One day in particular it snowed all day and the fresh snow insulated the air around me. I smiled. Tomorrow morning then I thought. “It will be perfect”, I said to myself. The flowers are still fresh, the ground will be fluffy and pure, the air quiet. Morning came, I turned over to look at the small wooden box beside the bed. I slowly walked upstairs, made some herbal tea, lit some candles, grabbed the still blooming bouquet of flowers, draped myself in a warm blanket and stepped outside. With our babe (that small wooden box) still in hand I found the most pristine snowy place in the yard, close to a tree, and placed my baby bean. I then took the flowers and one by one gently and gratefully released their petals onto the snow I was kneeling on. In every flower I touched, I felt my family. My mother, my father, my sister and brother. In my mind I sent the flowers away to be free with “her” - our unborn One. I sent “her” to feel the snow, the quiet, the space, the fresh air, the perfect tree, her family. In my mind I said you’re free. Out loud I whispered Thank You. I decorated the snow around her small wooden box with rose petals and greenery - appreciating the beautiful contrast between bright plants and the pure white snow - settling into itself like the quiet and unknown potential of death I was just now honouring.  Rituals are like an energy boost to the spirit. Rituals fill us up with a sense of hope and possibility. They relieve our thinking minds and add breath and view to the way we see the world. If you’ve had a loss, if to you it was a loss - no matter 70 years ago or last month, consider stopping to pause. Consider pausing father time and gifting yourself the space to complete, to mourn, to say goodbye. Good-byes, when truly “spoke” - are the doorways to new beginnings.

    It was about time to make the 14-hour drive home. In one week I would leave. I had my final appointment with the surgeon. I walked in quiet and hesitant to see her again. Not a moment later two pregnant mothers with their children walked in. They started chatting about how one was on her fifth kid and the other her third. Rubbing tummies and sharing in their third-trimester fatigue. I tried desperately to calm myself, but I couldn’t. It was too soon. I hid away in a room and left as soon as my check-up was finished. I wrapped up visits with some of my closest friends - feeling safe enough to bring my heavy, quiet, depleted self to the table. One visit, with two dear friends, a decade younger than myself had thanked me for sharing my darkness with them. These ferocious goddesses I had seen grow and develop into remarkable young women. I had always aimed to be an example of strength and possibility for them. This day, they lent me their strength. That love bomb was exactly what I needed Miss Tanis. At Brady’s mom’s I packed the car full, filled my to-go cup with hot tea, and propped teddy Emmett up in the passenger side of the car. Brady would be working up North still for a month or two. I needed to go home and start moving on. The last thing I grabbed was the bristle board I drew on that playdate with my girlfriend (the one soft as cotton). The bristle board I drew a uterus on and stuck angel stickers on before I consciously knew our babe was not destined for life outside of me. All of a sudden I got dizzy, my vision blurred, my stomach got nauseous and I flipped it. I started crying and screaming and moaning sounds I hadn’t heard from me before. I took that bristle board, found a marker and wrote my pain all over it. I wrote my anger, my fear, my thoughts. I wrote like I would for clients - like a mad scientist writing pieces of my puzzle all over the blue piece of bristle board. I was determined to unravel clearly what had happened - to make life my bitch instead of how I felt, like I was its slave. I wrote things I’d felt as a child, things I never could say, I wrote that I wanted our baby back, I wrote fuck you to the world. I scribbled madly and ferociously hate and hurt and sorrow. I couldn’t do it. I couldn’t leave. I broke down for the first time in my life. I called soft as cotton sobbing and impassioned, her home, like her, is like a quiet beautiful cabin in the mountains. I said I can’t do it. I can’t leave. “Can I come sleep over?” Of course soft as cotton said stay for as long as you like. I took three days in her love nest. Turns out I just needed to remember what sweetness feels like. Her sweetness was my fuel.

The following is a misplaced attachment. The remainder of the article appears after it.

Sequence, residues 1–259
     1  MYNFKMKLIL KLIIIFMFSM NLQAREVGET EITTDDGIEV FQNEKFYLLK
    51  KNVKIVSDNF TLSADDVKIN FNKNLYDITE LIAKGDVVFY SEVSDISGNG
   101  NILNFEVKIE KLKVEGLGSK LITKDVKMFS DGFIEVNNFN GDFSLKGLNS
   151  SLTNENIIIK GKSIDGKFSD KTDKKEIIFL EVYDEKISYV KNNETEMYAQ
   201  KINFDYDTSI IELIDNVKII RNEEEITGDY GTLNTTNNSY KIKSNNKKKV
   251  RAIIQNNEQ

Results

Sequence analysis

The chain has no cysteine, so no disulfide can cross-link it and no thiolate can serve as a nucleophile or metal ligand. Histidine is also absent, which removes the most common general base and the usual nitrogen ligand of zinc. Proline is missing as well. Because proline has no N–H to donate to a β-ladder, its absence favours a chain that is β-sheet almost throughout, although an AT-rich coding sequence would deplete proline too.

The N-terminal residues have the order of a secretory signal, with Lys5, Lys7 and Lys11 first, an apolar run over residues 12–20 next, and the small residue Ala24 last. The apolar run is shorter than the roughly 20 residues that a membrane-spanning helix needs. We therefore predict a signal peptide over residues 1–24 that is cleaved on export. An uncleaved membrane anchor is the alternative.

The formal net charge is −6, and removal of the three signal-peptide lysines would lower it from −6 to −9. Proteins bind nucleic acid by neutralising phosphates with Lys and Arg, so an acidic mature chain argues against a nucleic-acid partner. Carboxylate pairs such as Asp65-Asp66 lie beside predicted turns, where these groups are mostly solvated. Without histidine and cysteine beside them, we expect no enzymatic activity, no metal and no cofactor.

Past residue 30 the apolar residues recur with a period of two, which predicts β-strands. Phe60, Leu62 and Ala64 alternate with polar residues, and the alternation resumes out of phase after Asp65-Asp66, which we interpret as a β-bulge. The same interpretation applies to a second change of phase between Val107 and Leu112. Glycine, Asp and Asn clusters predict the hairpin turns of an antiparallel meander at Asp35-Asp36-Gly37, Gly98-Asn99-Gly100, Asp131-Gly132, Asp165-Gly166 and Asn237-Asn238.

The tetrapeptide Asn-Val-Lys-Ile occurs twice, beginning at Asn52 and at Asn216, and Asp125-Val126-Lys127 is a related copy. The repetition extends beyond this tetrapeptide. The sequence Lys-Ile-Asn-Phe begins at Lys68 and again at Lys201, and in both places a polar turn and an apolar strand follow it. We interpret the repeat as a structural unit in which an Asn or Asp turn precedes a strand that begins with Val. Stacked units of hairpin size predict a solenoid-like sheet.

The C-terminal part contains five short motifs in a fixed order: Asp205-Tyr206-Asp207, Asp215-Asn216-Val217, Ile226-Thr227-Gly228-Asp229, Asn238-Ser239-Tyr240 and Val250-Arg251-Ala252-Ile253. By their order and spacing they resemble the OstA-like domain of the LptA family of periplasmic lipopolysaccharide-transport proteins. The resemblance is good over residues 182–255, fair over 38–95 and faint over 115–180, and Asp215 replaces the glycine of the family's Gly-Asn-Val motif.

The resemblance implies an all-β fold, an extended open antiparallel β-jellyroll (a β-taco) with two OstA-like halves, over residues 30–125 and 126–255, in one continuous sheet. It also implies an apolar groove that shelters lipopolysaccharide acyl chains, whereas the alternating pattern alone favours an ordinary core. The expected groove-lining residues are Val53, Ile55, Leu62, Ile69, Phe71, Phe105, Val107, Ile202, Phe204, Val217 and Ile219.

I was ready. I took hold of my nervous system, in reliable Jamie style and I focused my brain with one outcome - get home. I played loud music, I stopped to take selfies of me and teddy Emmett in Jasper and in the Kamloops Valley to send to my angels with pride. I breathed full, opened my heart, and treated my drive home like the test it was; My challenge to stay true to my vision of life. Closing in on Vancouver the rain poured down, the roads, 11 hours into my drive a blur of car lights in the dark, mountain shadows and bouncing water from the sky. Honestly, I drove a bit dangerously, driving fast and passing cars on the curvy mountain highways with little vision and wet roads. My only option was to keep going. Getting closer to home I felt the immensity of my next chapter, so I told myself repeatedly keep focusing. Stay connected to the road and drive. “We’ll figure the rest out when we get home,” I said to myself. I made it. I stood in the rain before grabbing the handle to my door, lifted my face up to the water and prayed.

    Confidence is built by the choices we make and the actions we take. January to March I suffered. I suffered hit after hit of brutal. Life was fuck load after fuck load of hard but - life is so much more than hard chapters in a real story. I am a medicine woman. I’ve always known it. What I do and how I heal comes easy to me. Before this chapter in my story, I had always attempted to remain in the light of life. Spreading joy, cheer and encouraging optimistic participation everywhere I went. I was fiery and ambitious and fought for people to believe that life holds goodness. Now I knew if anything could come from my loss, I would have to dive straight into the darkness with nothing but bare bones and love.

The Surrender Story

When Heaven & Earth Collide